Socialist Worker

'May the First be with you!'

Issue No. 1681

Letters

'May the First be with you!'

I AM a member of the Socialist Worker Student Society in Sheffield and would like to let people know what is happening here after the amazing scenes of protest in Seattle against the World Trade Organisation.

I recently attended a meeting of around 50 people, most of whom I've never met before. All were against capitalism and concerned about the effect it has on our world. All were keen to arrange a "carnival against capitalism" on 1 May with a band, street theatre and a real political message.

The solidarity of the group was brilliant. No one suggested that we buried our differences, but the consensus was that to make an impact we had to work together. I am part of the publicity group and am really looking forward to a big day of celebration of anti-capitalist feeling. As someone at the meeting suggested as a slogan, "May the First be with you!"

  • KIM HARRISON, Sheffield

The time is ripe to organise

THE "TIME To Unionise" centre pages of Socialist Worker (15 January) were excellent. The experience in Harwich offers practical methods of unionising. The Harwich SWP branch was approached by people outraged at their conditions. We launched a Campaign for Union Rights. A high point was the union roadshow, which involved UNISON, the GMB, USDAW and the RMT. This had such an effect that even our local Blairite MP was stood with us in the town handing out leaflets (much to his discomfort).

An old people's home was successfully unionised and the campaign has resulted in the rebirth of the Harwich Trade Union Council. At its first AGM for over five years it resolved to continue the unionisation drive. My own union, the GMB, reports its highest ever recruiting figures. In December last year over 90,000 people joined the union, with nearly 13,000 in London alone. We are faced with a great opportunity, and socialists need to be in and on the ground shaping militant trade unionism.

  • JOHN TIPPLE, Harwich

Vital parts missing

A recent BBC South East TV documentary highlighted Ford bosses' collusion in racist victimisation of workers at the company's Dagenham plant. An anti-racist shop steward and several workers gave good accounts of Ford's racism. But the programme makers glaringly omitted any mention of last year's anti-racist strikes at Dagenham around the Sukhjit Parma case. This was incredible, given that Ford's global president came scuttling over to try and calm the anger among workers. Black and white workers struck unofficially over bosses' treatment of Sukhjit. The BBC team had a preconceived view of a "white monoculture" prevalent in Dagenham.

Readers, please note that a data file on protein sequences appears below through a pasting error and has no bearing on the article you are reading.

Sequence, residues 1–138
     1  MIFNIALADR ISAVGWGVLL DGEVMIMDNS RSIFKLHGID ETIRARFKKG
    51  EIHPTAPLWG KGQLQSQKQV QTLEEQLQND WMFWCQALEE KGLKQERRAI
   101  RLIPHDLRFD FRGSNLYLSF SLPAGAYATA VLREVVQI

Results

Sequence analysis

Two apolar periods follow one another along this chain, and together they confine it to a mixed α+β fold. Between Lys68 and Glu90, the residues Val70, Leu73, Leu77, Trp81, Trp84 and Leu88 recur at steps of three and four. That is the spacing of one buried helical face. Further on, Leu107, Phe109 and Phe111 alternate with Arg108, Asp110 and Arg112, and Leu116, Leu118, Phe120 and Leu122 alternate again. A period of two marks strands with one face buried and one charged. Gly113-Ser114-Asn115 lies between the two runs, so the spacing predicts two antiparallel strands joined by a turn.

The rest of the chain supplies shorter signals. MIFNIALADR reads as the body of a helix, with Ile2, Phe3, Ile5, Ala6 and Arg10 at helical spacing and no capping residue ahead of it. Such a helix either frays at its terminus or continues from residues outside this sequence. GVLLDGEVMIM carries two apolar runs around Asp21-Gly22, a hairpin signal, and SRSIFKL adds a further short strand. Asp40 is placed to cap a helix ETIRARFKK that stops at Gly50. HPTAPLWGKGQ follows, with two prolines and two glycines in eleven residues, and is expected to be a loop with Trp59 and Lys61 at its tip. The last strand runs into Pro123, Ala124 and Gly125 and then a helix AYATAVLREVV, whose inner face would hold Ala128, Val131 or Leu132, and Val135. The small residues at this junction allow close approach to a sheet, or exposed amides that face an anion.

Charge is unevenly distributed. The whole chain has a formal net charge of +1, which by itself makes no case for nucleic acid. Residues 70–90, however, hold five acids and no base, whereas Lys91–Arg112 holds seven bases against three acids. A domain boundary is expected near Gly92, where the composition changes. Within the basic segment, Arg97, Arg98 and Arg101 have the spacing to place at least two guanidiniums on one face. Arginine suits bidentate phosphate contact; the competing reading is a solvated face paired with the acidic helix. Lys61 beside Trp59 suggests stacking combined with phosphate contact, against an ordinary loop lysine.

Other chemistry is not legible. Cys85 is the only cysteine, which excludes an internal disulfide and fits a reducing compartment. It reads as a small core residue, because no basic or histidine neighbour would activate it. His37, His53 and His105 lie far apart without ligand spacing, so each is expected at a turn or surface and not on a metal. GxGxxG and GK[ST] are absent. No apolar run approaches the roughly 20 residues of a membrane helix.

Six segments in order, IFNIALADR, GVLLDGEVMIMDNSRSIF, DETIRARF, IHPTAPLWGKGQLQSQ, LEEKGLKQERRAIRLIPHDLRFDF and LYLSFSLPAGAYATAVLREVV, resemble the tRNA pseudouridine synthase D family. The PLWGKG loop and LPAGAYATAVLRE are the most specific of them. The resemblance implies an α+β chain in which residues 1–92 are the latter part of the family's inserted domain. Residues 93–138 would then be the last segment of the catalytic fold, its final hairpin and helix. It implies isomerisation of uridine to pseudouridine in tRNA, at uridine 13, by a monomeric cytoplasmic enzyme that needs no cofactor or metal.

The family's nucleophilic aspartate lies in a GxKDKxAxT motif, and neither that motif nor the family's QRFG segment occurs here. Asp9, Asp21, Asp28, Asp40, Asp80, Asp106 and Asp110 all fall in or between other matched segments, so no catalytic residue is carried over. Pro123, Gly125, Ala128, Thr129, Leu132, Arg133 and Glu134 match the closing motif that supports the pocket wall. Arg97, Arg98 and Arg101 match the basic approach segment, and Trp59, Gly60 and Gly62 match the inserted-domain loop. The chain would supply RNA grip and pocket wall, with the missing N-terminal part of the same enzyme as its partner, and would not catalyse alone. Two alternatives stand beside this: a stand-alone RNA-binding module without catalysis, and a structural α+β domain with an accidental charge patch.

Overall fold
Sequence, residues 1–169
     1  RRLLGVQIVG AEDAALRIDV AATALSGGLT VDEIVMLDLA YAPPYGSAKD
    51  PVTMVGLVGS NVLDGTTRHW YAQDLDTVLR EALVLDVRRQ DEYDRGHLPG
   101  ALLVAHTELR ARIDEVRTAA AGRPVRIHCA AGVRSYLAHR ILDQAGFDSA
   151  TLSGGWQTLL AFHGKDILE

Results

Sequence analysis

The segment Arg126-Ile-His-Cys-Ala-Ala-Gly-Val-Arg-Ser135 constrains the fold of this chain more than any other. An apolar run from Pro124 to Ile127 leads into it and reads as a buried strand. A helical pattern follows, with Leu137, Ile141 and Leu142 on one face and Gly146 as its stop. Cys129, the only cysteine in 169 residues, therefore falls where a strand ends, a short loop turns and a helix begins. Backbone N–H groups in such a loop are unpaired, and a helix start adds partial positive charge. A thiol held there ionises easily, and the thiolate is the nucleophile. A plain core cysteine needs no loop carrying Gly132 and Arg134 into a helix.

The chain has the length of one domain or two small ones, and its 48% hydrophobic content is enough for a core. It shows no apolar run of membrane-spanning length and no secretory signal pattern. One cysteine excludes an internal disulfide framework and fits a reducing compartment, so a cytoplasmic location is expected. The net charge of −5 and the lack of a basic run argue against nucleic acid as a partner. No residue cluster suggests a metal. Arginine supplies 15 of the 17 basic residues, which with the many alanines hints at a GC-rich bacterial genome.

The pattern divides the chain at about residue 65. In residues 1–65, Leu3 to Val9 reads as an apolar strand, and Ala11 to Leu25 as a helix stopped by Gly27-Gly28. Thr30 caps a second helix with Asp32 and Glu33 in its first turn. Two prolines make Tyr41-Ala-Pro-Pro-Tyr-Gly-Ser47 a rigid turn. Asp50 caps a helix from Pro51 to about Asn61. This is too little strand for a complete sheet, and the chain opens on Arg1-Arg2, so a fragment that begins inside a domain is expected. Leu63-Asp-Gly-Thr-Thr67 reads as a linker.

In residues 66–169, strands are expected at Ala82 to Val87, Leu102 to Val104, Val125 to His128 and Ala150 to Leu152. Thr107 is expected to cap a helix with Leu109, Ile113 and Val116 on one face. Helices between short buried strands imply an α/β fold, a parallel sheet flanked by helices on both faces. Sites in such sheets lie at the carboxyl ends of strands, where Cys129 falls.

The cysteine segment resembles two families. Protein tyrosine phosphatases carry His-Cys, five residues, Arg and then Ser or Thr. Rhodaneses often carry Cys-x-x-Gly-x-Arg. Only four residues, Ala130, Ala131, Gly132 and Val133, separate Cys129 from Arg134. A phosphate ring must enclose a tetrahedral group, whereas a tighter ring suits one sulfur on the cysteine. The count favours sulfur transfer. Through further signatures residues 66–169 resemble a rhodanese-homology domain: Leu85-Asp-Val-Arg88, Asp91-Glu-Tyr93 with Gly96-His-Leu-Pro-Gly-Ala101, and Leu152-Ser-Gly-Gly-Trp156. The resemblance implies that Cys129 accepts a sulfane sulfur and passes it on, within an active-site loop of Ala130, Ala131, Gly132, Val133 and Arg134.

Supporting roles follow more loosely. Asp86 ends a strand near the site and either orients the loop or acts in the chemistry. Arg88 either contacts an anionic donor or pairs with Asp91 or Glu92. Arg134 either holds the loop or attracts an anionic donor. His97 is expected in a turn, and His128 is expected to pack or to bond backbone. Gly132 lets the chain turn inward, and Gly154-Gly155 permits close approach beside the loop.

Yes, racism exists locally, but there is a long tradition of integration and anti-racism in the area. Maybe the programme makers should have listened to local socialists. We spoke at length to the programme makers, giving background information and suggesting union stewards they could speak to. None of this was used. There is racism in Dagenham, and the biggest culprits are Ford bosses. But the workforce at the plant stands as a beacon of hope, where socialist politics and anti-racism are welcome as part of the fight against those bosses.

  • PAUL SILLET, East London

Russian lessons

WORKERS AT at the Vyborgskii paper plant in St Petersburg, Russia, are ending their protest after winning concessions from the plant's owner, UK-based ALCEM. Union representative Pavel Privalov told reporters that ALCEM has pledged to preserve all jobs and pay wages of not less than 2,500 roubles (�55) a month. In return, workers will allow the new owners to take over the plant. Last October justice ministry troops stormed the plant and opened fire on workers who had barricaded themselves in the administration building to prevent the mill's foreign owners from assuming control. The example shows that even in the face of such methods workers can make gains by standing together.

  • PETE GLATTER, South London

Dimbleby exposes NATO lies

IF YOU missed Jonathan Dimbleby's documentary about the Kosovo war shown on ITV recently, try to find someone who taped it. It was a complete vindication of the anti-war movement. Dimbleby pointed out that the ethnic cleansing of the Kosovan Albanians intensified massively as a result of the bombing. The war created a humanitarian catastrophe rather than halting one. It has been followed by mass ethnic cleansing of the Serb and Roma minorities, which NATO governments and the media are ignoring.